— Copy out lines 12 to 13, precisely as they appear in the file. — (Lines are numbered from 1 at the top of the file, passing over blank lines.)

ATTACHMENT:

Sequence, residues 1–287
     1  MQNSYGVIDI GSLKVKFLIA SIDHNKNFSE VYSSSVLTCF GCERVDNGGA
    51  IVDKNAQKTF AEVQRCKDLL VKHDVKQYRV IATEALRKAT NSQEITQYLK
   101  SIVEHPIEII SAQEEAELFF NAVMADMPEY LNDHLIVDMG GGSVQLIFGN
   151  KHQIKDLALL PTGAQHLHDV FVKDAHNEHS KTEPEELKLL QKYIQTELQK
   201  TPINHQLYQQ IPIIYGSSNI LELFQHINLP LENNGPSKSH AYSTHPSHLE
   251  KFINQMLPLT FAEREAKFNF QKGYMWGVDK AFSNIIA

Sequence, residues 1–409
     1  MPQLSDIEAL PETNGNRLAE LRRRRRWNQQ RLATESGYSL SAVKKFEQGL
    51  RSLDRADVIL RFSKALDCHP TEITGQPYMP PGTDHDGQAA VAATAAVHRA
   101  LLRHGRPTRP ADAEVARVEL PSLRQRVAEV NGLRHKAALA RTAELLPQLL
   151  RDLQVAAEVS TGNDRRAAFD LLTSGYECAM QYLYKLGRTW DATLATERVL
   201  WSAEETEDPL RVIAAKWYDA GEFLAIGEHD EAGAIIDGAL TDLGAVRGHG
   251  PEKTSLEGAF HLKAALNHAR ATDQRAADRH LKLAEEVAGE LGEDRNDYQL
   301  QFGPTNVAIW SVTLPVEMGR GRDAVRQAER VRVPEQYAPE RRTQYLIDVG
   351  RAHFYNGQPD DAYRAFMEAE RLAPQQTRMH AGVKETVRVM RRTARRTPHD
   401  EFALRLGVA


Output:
   151  RDLQVAAEVS TGNDRRAAFD LLTSGYECAM QYLYKLGRTW DATLATERVL
   201  WSAEETEDPL RVIAAKWYDA GEFLAIGEHD EAGAIIDGAL TDLGAVRGHG